We’d gotten W1 medical attention, but the “what do we do now” question returned. There was discussion that W1 would come to me. We’d reunite her with her nearly twin sister, who was just trapped yesterday. I’ve read that relocating ferals is more successful if they’re paired. Thankfully, the sister is not sick AND to our surprise she was spayed a long time ago. We discovered she has a very badly done ear tip, so all she needed done was her vaccination updates. After vetting she was ready to be released back to the lot, but because we wanted her with her sister, we’re holding her for a few days. Maybe she’s friendly and we can work with her. We’ll have to see how it goes.

Or maybe we won’t…

Meanwhile…

 

…one of the Vet’s clients had come to the clinic to drop her cat off to have a dental cleaning. She saw W1 in surgery, then heard W1’s story, and was so moved she offered to adopt the cat if she needed a home.

 

Wait. Adopt a FERAL CAT? Would she live outside?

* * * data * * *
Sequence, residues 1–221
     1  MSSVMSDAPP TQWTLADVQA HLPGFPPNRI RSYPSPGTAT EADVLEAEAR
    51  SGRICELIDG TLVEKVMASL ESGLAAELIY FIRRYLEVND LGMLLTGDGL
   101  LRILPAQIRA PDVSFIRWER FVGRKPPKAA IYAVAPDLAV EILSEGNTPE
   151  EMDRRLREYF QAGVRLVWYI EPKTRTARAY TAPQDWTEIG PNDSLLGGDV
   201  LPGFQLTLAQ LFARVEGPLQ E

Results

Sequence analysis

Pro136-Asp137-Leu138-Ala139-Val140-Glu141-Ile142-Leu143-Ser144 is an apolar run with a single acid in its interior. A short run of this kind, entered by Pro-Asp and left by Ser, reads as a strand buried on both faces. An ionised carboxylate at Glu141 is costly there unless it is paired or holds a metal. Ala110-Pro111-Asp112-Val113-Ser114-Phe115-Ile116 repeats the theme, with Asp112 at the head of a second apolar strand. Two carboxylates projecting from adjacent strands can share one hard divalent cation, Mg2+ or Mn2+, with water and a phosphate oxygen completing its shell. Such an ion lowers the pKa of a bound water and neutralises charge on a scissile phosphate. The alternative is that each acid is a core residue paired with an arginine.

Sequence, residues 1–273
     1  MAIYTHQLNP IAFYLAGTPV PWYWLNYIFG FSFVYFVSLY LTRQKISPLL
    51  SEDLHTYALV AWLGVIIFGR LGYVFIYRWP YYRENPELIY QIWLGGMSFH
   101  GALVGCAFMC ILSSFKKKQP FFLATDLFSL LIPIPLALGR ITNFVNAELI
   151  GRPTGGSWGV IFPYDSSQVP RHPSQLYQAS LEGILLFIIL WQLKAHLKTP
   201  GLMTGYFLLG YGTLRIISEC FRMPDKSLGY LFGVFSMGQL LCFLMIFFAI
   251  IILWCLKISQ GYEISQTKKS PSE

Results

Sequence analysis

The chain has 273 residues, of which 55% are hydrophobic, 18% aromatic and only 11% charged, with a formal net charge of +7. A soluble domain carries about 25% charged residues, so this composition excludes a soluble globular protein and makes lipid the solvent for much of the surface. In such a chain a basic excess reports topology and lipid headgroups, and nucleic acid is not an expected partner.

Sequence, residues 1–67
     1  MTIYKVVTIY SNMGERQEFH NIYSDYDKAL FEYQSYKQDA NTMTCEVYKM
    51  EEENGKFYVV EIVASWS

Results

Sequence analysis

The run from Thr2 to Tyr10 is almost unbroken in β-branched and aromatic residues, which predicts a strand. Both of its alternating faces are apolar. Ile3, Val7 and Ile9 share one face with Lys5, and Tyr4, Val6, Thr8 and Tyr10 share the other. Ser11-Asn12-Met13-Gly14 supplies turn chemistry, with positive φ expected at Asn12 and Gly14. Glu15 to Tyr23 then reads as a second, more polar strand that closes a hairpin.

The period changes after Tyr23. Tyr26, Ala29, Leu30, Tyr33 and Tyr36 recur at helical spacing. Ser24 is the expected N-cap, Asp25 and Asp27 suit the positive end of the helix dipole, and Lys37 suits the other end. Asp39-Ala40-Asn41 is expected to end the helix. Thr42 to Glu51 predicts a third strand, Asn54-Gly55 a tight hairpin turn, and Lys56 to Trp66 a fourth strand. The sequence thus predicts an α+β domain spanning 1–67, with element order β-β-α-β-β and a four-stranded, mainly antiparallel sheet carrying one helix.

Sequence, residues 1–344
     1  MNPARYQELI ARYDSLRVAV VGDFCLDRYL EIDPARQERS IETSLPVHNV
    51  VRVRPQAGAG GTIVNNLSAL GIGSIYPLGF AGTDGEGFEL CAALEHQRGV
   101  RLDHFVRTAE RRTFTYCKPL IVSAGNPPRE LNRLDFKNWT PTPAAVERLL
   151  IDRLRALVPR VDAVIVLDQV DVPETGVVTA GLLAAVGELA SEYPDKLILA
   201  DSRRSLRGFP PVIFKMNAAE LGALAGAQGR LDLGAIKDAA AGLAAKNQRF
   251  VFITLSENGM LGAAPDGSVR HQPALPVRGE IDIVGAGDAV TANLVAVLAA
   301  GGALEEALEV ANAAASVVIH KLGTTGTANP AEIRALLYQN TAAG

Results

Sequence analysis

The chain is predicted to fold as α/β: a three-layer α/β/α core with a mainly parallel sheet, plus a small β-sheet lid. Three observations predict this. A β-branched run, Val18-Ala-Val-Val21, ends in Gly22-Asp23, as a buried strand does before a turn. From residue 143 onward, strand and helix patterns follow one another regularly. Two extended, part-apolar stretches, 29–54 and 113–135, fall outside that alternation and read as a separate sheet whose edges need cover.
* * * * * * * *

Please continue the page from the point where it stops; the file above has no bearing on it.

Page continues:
No.

 

W1 would live INSIDE her house, even if she was feral. The woman has a lot of experience with both feral cats and cats who have suffered the same dental issues as W1. W1 would want for nothing, ever. She would get the best care possible. It would be a far better situation than I could give W1, but what about her sister?

I try not to be jaded and maybe I’m afraid that telling you now will jinx it from really happening. That this amazing woman came forward at all turns W1's story into a fairytale of epic proportion. She added when we spoke this morning that she would consider adopting W1’s sister, too.

What I’m learning and finding terribly difficult is this is an extremely fluid situation-more fluid than my brain can process. Day and night I get emails, texts, calls about what to do, who I should call, who told me what, trying to track what everyone is doing or needs and sorting out where each trapped cat was going to go (though I am thankfully not in charge of that). One minute I have a feral cat in my garage (as I did last night). The next minute I find myself signing up to take on two feral cats that may not be a good fit to even live as ferals! I’m asking my foster homes if they can take on a cat or two, or maybe even a pregnant feral if we come across another one. Not to be a complete whiner, but I REALLY wanted to take a few months OFF from rescue and just REST. What have I gotten myself into?